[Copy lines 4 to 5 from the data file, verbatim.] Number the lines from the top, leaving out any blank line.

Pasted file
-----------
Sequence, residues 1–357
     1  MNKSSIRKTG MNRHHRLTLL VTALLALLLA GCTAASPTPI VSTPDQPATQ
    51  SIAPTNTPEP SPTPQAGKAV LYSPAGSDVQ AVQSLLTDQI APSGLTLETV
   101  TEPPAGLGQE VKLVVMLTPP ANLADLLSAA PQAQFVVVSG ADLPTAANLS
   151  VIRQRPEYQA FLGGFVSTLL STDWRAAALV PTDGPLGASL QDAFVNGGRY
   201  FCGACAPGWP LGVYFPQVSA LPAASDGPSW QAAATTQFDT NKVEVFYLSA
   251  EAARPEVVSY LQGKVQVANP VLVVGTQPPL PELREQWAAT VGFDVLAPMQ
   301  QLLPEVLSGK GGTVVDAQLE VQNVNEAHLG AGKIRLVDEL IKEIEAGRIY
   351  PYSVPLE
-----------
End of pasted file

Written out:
   101  TEPPAGLGQE VKLVVMLTPP ANLADLLSAA PQAQFVVVSG ADLPTAANLS
   151  VIRQRPEYQA FLGGFVSTLL STDWRAAALV PTDGPLGASL QDAFVNGGRY